TNG Hamlin

The cosmic odyssey of Star Trek has always been akin to a melody of imagination, where each note resonates with the mysteries of the unknown. Recently, this melody led me to the pages of Star Trek: The Next Generation – Children of Hamlin by Carmen Carter. The narrative, rich with subterfuge and moral conundrums, played a tune that lingered in my head long after the last page was turned.

Children of Hamlin finds the Enterprise caught in the middle of a strange diplomatic mission involving the UFP and a sinister alien race, the Choraii. These aliens have left a haunting legacy and it us up to Captain Picard and the crew to delve into the abyss of the past and confront a moral maze that challenges the essence of humanity and the principles of the Federation.

Children of Hamlin is a tale that deftly blends the melancholy of lost innocence with the cold, hard reality of a universe that often operates in shades of gray. The narrative fabric is woven with threads of deceit, compassion, and the inherent hope that defines the human spirit. The central plot revolves around the Choraii’s vicious attack on a UFP settlement, Hamlin, in which they killed all adults and abducted the children. Though sentiment within amongst many of the crew is that these aliens should be destroyed, or at least not dealt with, it is the UFP itself that places the Enterprise in the ongoing negotiations.

The notion that the Choraii killed humans but spared the children struck a chord. It’s a grim reminder of the wild yet eerily human-like tendency to protect the innocent while confronting the perceived threats, akin to sparing the cubs while challenging the adult wolf. This moral dichotomy, explored within the cosmic setting, provided food for thought on the nature of fear, hostility, and the shimmer of hope that prevails amidst despair.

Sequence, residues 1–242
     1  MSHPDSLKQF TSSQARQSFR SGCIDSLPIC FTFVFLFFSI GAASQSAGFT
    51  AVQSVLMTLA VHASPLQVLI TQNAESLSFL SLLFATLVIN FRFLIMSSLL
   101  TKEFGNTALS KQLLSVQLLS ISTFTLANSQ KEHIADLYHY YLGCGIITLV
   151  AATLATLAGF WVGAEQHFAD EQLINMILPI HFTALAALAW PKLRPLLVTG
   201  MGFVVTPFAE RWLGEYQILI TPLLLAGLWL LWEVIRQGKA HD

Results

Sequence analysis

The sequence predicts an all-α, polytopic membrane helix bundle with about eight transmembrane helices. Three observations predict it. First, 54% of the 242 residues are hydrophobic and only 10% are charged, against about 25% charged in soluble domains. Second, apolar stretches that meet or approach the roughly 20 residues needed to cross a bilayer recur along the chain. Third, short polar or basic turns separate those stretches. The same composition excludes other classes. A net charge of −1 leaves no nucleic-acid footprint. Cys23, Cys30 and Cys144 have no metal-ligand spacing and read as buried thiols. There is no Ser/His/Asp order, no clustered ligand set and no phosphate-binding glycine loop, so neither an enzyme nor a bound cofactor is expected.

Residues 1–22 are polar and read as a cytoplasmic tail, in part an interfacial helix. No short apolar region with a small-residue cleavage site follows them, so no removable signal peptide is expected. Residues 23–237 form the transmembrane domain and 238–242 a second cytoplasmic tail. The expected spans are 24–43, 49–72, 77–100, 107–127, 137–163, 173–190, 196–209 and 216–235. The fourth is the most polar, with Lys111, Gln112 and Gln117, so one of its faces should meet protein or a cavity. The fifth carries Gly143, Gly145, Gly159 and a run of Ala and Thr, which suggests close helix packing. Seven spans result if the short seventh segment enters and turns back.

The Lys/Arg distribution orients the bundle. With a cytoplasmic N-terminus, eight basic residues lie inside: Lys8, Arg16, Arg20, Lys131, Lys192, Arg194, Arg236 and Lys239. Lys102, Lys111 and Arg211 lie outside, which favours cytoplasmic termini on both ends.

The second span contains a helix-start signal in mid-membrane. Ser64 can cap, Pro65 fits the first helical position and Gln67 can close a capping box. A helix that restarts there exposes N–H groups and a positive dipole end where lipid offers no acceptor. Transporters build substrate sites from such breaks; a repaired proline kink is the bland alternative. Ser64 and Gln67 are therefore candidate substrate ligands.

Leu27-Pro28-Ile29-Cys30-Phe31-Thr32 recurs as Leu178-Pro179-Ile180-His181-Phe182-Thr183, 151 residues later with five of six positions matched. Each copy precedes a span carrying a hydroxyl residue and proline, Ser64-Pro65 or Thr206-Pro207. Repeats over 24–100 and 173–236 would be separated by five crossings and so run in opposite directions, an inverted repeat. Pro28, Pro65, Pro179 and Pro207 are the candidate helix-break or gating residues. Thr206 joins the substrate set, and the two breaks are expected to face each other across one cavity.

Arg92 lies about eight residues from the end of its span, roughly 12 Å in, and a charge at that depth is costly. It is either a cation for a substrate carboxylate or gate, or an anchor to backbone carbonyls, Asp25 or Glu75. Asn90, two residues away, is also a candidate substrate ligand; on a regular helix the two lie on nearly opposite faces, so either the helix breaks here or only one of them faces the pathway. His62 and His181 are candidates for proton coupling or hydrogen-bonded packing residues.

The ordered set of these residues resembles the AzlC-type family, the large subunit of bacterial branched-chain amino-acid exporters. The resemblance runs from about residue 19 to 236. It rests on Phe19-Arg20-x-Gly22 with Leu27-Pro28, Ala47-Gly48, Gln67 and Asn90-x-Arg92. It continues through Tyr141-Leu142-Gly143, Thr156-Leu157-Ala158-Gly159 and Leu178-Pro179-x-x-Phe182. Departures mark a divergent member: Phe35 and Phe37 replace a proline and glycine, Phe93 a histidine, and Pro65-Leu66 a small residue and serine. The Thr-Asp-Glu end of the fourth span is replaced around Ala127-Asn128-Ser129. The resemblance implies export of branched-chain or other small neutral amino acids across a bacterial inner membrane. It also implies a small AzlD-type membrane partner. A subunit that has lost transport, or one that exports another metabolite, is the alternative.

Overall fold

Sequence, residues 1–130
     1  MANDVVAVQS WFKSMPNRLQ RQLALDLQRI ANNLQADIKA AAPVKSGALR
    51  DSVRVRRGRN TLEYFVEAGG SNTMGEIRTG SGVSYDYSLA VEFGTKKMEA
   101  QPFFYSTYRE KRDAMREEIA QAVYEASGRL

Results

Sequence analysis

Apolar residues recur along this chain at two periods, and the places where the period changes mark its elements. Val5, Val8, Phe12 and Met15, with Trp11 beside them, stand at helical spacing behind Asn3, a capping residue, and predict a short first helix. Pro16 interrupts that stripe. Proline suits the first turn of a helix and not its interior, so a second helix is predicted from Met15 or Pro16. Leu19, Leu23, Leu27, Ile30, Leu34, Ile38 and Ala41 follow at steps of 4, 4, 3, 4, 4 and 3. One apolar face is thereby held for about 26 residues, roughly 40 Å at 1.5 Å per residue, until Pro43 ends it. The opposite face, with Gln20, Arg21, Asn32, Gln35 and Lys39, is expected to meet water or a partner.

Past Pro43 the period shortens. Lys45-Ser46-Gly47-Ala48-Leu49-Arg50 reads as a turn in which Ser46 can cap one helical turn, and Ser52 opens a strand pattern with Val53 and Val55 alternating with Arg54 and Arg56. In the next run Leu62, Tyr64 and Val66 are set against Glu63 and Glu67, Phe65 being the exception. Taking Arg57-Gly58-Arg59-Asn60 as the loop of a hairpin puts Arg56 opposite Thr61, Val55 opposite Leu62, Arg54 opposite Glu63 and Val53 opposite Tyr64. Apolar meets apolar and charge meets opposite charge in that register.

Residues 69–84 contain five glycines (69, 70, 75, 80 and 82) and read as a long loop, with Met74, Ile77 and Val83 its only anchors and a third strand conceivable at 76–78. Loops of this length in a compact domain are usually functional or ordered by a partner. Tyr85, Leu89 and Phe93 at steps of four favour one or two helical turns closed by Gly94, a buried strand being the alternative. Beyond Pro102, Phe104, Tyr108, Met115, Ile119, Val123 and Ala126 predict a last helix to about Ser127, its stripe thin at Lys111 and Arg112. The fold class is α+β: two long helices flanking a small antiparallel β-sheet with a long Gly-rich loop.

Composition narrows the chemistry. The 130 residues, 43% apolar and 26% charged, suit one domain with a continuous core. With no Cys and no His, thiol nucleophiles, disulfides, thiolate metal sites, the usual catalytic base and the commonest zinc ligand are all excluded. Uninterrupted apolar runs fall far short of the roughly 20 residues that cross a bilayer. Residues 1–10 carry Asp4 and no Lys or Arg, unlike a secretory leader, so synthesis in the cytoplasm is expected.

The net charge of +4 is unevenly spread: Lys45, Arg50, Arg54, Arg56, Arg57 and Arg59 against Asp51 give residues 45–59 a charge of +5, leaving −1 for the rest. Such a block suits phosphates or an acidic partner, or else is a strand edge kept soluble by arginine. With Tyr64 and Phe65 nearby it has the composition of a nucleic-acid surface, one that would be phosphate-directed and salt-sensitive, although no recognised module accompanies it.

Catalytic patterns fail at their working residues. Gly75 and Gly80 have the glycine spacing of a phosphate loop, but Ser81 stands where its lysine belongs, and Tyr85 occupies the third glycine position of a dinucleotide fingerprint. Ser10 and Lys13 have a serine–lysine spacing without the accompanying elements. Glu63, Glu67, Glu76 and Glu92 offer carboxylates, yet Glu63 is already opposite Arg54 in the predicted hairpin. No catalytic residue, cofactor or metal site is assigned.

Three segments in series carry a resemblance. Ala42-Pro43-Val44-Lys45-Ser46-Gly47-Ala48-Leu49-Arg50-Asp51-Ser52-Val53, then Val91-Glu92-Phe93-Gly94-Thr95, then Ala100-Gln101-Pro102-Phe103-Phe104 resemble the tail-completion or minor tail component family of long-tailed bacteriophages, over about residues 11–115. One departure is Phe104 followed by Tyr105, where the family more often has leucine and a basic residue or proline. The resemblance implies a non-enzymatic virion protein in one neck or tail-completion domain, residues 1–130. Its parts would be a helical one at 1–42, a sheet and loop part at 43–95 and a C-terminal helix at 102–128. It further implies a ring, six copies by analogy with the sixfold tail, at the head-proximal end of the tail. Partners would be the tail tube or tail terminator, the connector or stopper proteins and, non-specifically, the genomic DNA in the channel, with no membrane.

Additionally the subterfuge surrounding Ruthe’s background added layers of intrigue that kept the pages turning, each revelation a step deeper into the labyrinth of a haunting past. The duality of innocence and malevolence exhibited by the Choraii is a poignant reflection of the complex moral spectrum that Star Trek often navigates. The twist that she is, in fact, a child of Hamlin and her choice to return delved into a very interesting stockholm realm. Also, for some odd reason, I keept imaginging she looked like Merrin from Jedi Survivor ¯_(ツ)_/¯

Apart from that bit of personal dissonance Carmen Carter crafts a narrative that is as engaging as it is thoughtful, with the Enterprise serving as both a vessel of exploration and a crucible of moral discernment. The characters we’ve come to admire are put to the test, their ideals clashing with the harsh truths of a universe where black and white often dissolve into a sea of gray. Next up, Survivors